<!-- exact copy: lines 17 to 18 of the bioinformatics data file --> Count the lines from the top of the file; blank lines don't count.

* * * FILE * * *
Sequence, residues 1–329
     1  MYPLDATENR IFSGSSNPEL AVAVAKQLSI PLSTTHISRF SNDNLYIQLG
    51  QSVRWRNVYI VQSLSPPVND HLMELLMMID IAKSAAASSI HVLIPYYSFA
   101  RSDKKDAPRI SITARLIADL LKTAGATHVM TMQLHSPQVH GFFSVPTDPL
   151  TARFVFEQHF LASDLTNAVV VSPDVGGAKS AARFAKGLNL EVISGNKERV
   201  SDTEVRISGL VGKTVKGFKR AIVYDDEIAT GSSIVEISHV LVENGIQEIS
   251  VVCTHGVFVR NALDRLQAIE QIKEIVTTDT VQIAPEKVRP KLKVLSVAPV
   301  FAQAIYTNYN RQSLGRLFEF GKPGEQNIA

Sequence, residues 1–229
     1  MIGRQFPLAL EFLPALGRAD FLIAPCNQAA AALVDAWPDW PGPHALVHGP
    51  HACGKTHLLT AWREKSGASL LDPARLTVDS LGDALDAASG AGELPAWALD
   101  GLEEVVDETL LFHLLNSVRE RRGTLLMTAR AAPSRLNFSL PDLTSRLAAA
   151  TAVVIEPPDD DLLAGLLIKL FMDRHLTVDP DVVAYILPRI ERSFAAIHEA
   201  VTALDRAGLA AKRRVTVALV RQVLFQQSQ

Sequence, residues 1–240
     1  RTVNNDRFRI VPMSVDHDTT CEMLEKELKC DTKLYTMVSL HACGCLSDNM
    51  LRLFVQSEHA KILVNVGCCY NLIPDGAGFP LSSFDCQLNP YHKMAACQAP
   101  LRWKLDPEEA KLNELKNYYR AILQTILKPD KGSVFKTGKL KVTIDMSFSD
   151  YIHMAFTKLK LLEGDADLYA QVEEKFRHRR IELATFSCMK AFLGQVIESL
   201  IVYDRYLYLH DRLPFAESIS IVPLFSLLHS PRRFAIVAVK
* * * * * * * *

    51  LRLFVQSEHA KILVNVGCCY NLIPDGAGFP LSSFDCQLNP YHKMAACQAP
   101  LRWKLDPEEA KLNELKNYYR AILQTILKPD KGSVFKTGKL KVTIDMSFSD